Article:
Snacking: When, Where … and why so much?
How often do your kids snack?
Increasingly, I am coming to the opinion the answer to that question is almost certainly “too often”.
Kids snack a lot these days. A lot. More than I did when I was a kid, I’m sure of that. Why? Are kids hungrier than before? Has the essential physiology of the human body changed so much in a generation or two? Of course not.
Kids eat all the time, and everywhere. In the stroller, in the car, before daycare or school and after it, before bed. We take snacks to soccer games and kindergym — so that kids who’ve burned off 200 calories running can quick! ingest 300 more!! We don’t even consider leaving the home without food. Has it struck anyone but me that this is a bit excessive?
Why do you give your kids snacks?
For all sorts of reasons, I’ll bet. I’ll further bet that many of those reasons have nothing whatsoever to do with hunger. We feed our kids to bribe them, to motivate them, to appease them, to distract, soothe, quiet, coax. That container of food in the diaper bag is our security blanket. If they get fractious, we can pop something in their mouths and fend off the meltdown for a few more minutes. I’m not saying we must never do that. I am suggesting, however, it should be the aberration, not the norm. We should have enough tricks in our parenting arsenal, including the firm look and equally firm “That is enough. We’ll be going home soon”, that we are not stuffing food into their ever-willing mouths five, six, ten times a day.
In fact, though our children, when requesting a snack, will declare themselves to be STARVING!!!, I’d go so far as to say that most North American children never really experience hunger. They may get peckish from time to time, sure. And most assuredly, they are conditioned to expect food at certain times (in the stroller, in the car), and that association has them wanting food. “Wanting food”, however, is far from the same thing as “being hungry”.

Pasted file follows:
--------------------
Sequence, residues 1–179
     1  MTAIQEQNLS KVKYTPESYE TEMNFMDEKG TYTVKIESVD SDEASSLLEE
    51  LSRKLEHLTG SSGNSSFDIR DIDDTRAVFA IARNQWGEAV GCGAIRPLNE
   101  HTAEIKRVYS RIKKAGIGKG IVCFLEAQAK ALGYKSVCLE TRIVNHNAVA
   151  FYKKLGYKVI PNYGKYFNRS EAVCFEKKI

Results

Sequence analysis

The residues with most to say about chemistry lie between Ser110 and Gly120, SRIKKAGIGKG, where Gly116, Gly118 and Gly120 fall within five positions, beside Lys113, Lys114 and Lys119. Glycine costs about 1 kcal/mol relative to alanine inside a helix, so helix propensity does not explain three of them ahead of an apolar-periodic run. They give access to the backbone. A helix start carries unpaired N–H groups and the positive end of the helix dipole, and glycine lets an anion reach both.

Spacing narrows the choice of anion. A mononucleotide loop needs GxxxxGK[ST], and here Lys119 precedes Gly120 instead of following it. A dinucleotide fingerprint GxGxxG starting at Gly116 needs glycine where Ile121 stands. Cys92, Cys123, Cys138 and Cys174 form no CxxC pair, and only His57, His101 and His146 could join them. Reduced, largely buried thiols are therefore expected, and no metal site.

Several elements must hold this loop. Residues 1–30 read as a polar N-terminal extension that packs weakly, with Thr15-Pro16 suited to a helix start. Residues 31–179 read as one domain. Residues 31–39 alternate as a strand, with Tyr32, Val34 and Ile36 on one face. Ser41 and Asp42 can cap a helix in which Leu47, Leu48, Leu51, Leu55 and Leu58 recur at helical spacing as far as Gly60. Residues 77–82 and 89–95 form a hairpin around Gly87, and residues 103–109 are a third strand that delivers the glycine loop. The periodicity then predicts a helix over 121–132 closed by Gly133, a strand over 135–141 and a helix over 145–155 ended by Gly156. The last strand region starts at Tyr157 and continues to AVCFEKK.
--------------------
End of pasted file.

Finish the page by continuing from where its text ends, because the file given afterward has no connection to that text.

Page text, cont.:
It would be a tremendous thing, so good for their long-term health, if we could teach our children the difference between those two things.
And what do you feed your kids, when they do snack?
Most toddlers get an astonishing amount of simple carbs in a day. Simple carbs are not bad in and of themselves. We need a certain percentage in our diet. But, variety! We also need variety! A day spent tanking up on Saltines, goldfish crackers and Cheerios, followed by a dinner based primarily on pasta, is not variety.
I believe that infants who are strictly milk-fed should be fed on demand. They know when they are hungry.
But you know … I fed my kids on demand, and in those earliest weeks and months ‘demand’ varied from every hour some days to every three or four. However, when I was nursing, the term “cluster feeding” had not hit the popular psyche. Some days your baby had a “hungry day”, sure, but the idea that a child could nurse, relax, then feed again in twenty minutes, then again twenty minutes after the end of that feeding … and again, and again?
Well, okay, some days that might happen, but it wasn’t considered normal. It was an aberration that you tried to work out of their little systems. You’d take them for a ride in the stroller, give them a soother (after the first six weeks or so, when breast-feeding, if that was your choice, is well established), put them in a baby swing, swaddle them tight and put them down for a nap on that tummy you KNOW was full. By popularizing the term ‘cluster feed’, I fear that we’ve put yet another burden on young mothers, that they can never say, “Oh, no, you little fuss-budget. You are not hungry so soon!”
But for the most part, demand feeding in those first six to eight months, with a gradual weaning into solid in the second half of that first year.
And by a year, they should be eating everything you’re eating, pretty much. Cut in smaller pieces, steamed a little softer, sure, but everything you eat.
Once they were two years old, my own children got about one snack a day. You read that right. One. We’d have breakfast, we’d have lunch, we’d have an afternoon snack, we’d have dinner. Now, this is not to say that in the proud tradition of North American parenting, I didn’t keep an emergency stash of Cheerios in the diaper bag for those occasions I’d be stuck in the line at the bank as naptime approached. Sure I did. But they were truly used for emergencies. That half-cup container of Cheerios might need to be refilled every couple of months.